Country Pâté. Your Guide To Fancy Meatloaf.

Nov 15, 2019 | meat, Recipes

Today we are going to take a look at pâté. Specifically, we are going to look at country pâté and how to make it at home. Before you jump away from this post because you are convinced that you hate pâté at least let me explain exactly what I’m talking about.

First of all, and most importantly, let’s clear up what exactly pâté is. The easiest way to think about it is as a kind of fancy meatloaf. Really, it’s fancy only in perception. Now, there are different kinds of pâté. Some are smooth like butter, some are smooth but firm, and some like the country pâté we are going to be looking at today are more coarse in texture. There are some pâtés that are loaded with expensive ingredients like truffles or foie gras. But, at the heart of it, pâté is really just a cheap and easy way to use up scraps of meat.

Are all pâtés made of liver?

A misconception about pâté is that it is always made from liver. There are liver pâtés, and the one I am talking about today does have a little bit of liver in it, but it doesn’t have to. It is by no means made exclusively of the liver. Our pâté is mostly ground pork with a little bit of liver for flavour and texture. Other than that there are some herbs and spices, onions and garlic, egg, and a bit of flour (gluten-free for me). That’s it. Nothing scary or fancy.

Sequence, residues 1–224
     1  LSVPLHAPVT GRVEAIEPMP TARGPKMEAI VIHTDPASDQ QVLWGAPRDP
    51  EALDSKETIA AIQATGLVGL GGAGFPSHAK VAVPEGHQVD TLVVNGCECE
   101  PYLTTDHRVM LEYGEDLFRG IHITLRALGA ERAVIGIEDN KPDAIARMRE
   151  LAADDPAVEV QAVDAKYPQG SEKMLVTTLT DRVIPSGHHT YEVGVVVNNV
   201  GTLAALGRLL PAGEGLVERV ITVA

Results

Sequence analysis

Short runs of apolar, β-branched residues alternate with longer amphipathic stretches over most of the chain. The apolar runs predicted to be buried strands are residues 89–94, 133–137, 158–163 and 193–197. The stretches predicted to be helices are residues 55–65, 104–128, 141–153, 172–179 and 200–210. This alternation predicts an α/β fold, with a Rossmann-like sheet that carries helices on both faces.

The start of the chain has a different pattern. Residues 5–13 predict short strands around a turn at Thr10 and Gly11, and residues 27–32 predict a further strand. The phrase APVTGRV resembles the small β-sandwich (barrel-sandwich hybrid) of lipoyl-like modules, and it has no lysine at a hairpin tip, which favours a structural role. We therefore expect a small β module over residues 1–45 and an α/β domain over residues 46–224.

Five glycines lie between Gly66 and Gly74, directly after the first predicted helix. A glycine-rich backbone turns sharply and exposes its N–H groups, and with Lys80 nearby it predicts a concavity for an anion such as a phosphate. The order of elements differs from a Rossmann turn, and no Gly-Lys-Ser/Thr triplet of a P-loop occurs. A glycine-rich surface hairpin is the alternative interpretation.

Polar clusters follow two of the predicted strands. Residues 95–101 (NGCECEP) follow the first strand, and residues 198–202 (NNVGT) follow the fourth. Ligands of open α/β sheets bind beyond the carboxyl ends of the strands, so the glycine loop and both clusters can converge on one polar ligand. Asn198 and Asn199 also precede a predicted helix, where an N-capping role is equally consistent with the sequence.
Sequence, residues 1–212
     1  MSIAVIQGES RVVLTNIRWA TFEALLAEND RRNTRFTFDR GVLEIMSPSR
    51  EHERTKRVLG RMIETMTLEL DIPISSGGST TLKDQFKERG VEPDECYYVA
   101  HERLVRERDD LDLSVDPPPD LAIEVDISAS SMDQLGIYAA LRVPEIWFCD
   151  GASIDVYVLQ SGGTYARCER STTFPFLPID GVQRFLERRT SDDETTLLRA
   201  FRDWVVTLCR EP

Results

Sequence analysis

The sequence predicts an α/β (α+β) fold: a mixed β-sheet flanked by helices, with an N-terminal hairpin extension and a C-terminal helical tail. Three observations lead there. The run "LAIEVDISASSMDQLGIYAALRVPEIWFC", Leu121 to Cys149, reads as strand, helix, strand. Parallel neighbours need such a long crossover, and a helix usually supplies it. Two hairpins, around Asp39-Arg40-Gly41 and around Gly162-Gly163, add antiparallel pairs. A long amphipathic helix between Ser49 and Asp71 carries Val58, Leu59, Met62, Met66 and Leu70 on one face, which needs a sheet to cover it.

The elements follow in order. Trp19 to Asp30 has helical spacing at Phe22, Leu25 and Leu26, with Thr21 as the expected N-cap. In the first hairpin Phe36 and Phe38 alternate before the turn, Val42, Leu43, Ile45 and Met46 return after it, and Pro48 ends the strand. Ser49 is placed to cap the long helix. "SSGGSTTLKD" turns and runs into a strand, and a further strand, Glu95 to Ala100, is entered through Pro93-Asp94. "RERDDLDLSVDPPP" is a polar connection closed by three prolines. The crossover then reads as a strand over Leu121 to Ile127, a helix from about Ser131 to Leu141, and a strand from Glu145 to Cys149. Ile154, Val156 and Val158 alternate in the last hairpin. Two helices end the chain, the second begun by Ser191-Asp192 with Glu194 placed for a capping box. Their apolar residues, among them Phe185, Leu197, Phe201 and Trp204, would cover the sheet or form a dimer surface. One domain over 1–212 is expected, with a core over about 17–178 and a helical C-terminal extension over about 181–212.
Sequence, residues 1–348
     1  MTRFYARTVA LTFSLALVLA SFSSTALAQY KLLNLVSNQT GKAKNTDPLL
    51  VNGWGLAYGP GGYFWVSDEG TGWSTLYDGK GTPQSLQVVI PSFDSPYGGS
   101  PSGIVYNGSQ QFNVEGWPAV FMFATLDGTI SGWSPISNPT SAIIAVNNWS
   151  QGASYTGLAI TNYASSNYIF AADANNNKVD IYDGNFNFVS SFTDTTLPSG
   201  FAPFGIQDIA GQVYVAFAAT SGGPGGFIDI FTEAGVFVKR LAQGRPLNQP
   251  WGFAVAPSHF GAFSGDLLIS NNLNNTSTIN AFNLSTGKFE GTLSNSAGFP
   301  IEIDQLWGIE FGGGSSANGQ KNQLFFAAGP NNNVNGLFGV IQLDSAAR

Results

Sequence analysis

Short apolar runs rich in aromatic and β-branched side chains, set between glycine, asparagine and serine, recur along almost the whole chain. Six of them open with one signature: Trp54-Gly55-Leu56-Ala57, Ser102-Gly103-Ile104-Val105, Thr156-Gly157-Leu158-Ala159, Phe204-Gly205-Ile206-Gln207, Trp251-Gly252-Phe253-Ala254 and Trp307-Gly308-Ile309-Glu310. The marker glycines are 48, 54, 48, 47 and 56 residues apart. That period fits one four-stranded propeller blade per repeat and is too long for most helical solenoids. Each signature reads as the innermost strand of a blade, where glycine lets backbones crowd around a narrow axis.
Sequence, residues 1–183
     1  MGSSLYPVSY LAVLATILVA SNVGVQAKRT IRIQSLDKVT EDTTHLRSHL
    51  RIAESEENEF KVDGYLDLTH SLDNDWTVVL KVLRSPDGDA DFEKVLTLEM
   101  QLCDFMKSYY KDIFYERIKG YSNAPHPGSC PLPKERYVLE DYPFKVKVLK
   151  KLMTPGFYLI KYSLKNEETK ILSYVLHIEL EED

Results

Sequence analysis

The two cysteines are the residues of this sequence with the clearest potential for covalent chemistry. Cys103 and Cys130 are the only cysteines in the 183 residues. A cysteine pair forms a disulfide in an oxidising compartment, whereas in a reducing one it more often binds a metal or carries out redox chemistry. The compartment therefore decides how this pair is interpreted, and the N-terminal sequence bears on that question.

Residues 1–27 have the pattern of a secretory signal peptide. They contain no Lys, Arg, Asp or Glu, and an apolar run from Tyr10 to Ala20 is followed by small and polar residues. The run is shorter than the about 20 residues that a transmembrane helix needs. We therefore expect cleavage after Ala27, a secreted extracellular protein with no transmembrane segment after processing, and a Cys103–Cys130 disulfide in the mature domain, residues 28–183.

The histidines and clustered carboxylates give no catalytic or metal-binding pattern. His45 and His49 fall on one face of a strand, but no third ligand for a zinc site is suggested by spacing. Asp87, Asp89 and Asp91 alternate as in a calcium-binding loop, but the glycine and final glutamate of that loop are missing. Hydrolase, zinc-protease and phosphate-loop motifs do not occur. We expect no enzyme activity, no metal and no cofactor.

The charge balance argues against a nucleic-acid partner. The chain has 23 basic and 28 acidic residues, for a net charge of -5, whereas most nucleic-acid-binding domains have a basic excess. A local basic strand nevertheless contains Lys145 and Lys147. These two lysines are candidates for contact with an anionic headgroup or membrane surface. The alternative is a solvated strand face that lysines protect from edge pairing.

Why make pâté at home?

Okay, now that you hopefully have a bit of a better understanding of what pâté is, you may be wondering why you should make it at home. Well, the simple answer is that it is delicious. Really, a well-made pâté is a very special thing. It’s great for a light breakfast or lunch with pickled eggs, gherkins, crackers, mustard, a bit of cheese, and grapes or apple. It is terrific to start a dinner party, take to a pot luck, or just serve with cocktails if you have guests coming over. It also freezes really well so you can make a batch like the one I’m going to describe below, slice it, and freeze it, then just pull out pieces when you want them. That is why you should make it at home.